DAMAN: What role do you see movies, documentaries and storytelling playing in motivating people to think more deeply about social and environmental change?
Nicholas Saputra: Movies, documentaries and storytelling can be powerful tools in motivating people, as all of them can influence the minds of many people at the same time. And it’s a well-known fact that movies are often used as a tool of propaganda or used to influence certain policies. But then again, that really depends on the filmmakers themselves. One thing is certain: With more and more movies presenting different points of view, it will certainly enrich communal discussions, including on social, environmental and climate change.
DAMAN: How do you keep standing confident as an environmentalist? What is it that makes taking action worth your while?
Nicholas Saputra: I know there will be ups and downs. Sometimes there’s also a sense of frustration, like I wonder whether is it worth it or not. But it’s all part of our own personal dynamics. And when we keep reminding everyone, when we see the reality, of course a sense of concern will arise.
DAMAN: It’s almost a year since the first case of COVID-19 was discovered in Indonesia. How has the last year been for you?
Nicholas Saputra: 2020 was a year of introspection. There were a lot of things that I learned about myself, a lot of new things about my friends as well, during this pandemic. And that is an interesting thing, in the sense how we, as human beings, have the ability to adapt to difficult situations. Because from the time when we were born, until last year, we never knew that this kind of situation would come.
DAMAN: That being said, how do you keep a positive attitude during these hard times?
Nicholas Saputra: Uniquely, one thing I learned was it’s not about how do we keep positive, but how we acknowledge the negativity. Because something that’s negative isn’t necessarily destructive. It could be the counter balance of positive things. I also learned that we really have to feel the sadness, so we can get acquainted with that feeling and with the problem, and not remain in denial about the situations that are not ideal. Maybe we don’t have the time to learn about ourselves before the pandemic because we are busy with work, traveling and everything in between.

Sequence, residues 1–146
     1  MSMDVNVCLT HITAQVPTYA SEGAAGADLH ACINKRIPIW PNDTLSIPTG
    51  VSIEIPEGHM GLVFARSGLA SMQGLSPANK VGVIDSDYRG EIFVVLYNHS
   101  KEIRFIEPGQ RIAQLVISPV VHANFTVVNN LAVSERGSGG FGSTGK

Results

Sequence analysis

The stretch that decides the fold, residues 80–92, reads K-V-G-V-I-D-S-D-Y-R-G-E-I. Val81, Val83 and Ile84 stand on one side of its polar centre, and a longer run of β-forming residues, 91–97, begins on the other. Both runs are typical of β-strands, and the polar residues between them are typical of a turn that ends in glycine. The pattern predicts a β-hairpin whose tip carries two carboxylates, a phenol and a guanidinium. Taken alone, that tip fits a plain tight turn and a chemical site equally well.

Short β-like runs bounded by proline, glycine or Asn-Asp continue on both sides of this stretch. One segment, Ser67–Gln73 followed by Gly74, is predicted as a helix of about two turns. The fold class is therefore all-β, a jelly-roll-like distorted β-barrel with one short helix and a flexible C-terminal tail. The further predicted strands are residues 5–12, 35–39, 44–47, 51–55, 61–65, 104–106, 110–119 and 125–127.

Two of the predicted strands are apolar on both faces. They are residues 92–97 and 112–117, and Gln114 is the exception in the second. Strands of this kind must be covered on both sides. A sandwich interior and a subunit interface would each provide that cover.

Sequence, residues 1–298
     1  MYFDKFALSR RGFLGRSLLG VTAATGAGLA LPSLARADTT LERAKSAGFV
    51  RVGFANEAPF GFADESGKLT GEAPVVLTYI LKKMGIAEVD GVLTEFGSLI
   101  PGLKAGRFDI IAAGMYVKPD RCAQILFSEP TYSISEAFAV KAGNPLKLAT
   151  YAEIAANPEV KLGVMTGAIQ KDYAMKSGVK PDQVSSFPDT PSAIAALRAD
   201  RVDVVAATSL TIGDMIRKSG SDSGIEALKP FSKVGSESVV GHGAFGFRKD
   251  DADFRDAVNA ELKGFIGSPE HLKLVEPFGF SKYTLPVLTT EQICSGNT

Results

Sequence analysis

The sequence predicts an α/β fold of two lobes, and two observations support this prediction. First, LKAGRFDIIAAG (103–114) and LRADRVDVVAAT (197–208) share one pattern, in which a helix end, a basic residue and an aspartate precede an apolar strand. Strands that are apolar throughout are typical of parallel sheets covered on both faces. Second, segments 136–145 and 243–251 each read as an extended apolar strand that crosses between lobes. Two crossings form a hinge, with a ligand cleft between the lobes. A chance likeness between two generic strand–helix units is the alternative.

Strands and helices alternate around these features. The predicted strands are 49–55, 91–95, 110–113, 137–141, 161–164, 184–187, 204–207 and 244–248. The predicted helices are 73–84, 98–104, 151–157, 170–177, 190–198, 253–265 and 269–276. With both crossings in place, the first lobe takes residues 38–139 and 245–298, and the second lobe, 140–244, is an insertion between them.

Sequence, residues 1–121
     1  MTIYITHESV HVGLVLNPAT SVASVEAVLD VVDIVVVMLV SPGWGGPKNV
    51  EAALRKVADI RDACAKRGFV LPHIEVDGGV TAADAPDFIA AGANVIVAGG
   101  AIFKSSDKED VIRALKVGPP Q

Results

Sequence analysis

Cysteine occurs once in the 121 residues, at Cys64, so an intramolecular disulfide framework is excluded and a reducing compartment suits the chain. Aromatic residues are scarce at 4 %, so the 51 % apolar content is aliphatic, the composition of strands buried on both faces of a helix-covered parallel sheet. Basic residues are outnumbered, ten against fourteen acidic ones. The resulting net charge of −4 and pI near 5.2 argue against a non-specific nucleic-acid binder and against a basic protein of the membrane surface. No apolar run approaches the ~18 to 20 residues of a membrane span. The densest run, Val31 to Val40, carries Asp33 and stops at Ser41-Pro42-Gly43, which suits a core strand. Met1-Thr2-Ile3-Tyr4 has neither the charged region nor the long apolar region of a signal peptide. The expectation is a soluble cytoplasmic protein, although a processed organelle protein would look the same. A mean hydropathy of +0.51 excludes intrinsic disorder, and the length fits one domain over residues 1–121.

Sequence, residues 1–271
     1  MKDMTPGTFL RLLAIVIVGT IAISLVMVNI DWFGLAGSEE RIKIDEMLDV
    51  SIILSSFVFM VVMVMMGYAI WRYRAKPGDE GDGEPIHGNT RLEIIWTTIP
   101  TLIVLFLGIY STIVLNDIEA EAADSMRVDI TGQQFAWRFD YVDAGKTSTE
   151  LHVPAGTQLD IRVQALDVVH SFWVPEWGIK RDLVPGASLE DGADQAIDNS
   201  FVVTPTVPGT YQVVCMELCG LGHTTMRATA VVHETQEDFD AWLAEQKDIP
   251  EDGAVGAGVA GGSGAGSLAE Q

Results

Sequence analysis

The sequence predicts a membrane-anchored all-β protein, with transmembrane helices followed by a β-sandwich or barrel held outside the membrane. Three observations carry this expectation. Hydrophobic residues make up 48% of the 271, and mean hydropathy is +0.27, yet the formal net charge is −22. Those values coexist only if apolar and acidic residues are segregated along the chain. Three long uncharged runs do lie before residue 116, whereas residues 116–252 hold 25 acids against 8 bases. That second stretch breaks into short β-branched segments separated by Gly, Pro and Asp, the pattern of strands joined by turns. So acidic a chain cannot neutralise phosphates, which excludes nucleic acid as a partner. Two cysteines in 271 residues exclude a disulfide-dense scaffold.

DAMAN: Furthermore, it goes without saying that the COVID-19 pandemic has had a substantial impact on filmmaking. What do you think will be the long-term effect of COVID-19 on the industry?
Nicholas Saputra: I can’t predict everything, but one thing is clear: For me, the movie theater will remain a very ideal place to enjoy films. People will definitely miss going to the movies. Lots of people see it not only as a place to watch movies, but also to hang out with friends. I know many filmmakers are taking advantage of the existence from the OTT (Over-the-Top) media streaming services to keep working, and I think in the future, both will continue to be present in our lives
DAMAN: On the other hand, what kind of recovery do you see for the industry going ahead?
Nicholas Saputra: After the pandemic, the industry will have adjust for the future. We must adapt to a new life, a new normal. There must be many people who are still traumatized and couldn’t bear to be in a crowd, for example. That’s something completely different from what they experienced for the past year.
DAMAN: Having been in the industry for two decades, do you still have a dream role that you’re itching to play one day?
Nicholas Saputra: From the beginning, I never had any desire to play certain roles. In my opinion, actors are always in standby mode. We prepare ourselves for any role that happens to be a good fit for us. I’m prepared for any kind of character.
DAMAN: We previously talked about the lessons you learned as a producer. On the flip side, what is the most important lesson that you’ve learned as an actor?
Nicholas Saputra: For me, as an actor, the most important lesson is that for every role that we play, we have to consider it as our first role ever. It’s like going back to zero again. I know that as time goes by, we become more experienced in terms of technicality as well mentally. But, actually, we have to take it like it is the first time: How we bring up a character, how we liven up a new story … we should never underestimate those feelings.
DAMAN: Last but not least, what do you see as the best part of doing what you are doing now?
Nicholas Saputra: The opportunity to meet a lot of people in different environments, to visit many places because of work. For me, that’s a privilege.
FASHION DIRECTOR BRAD HOMES
PHOTOGRAPHY DAVY LINGGAR
STYLING PETER ZEWET
STYLING ASSISTANT SAFINA HARYS
GROOMING RYAN OGILVY
LOCATION SAVYAVASA (Jl. Wijaya II No. 37A, Kebayoran Baru, Jakarta; +62 811-1809-058; www.savyavasa.com)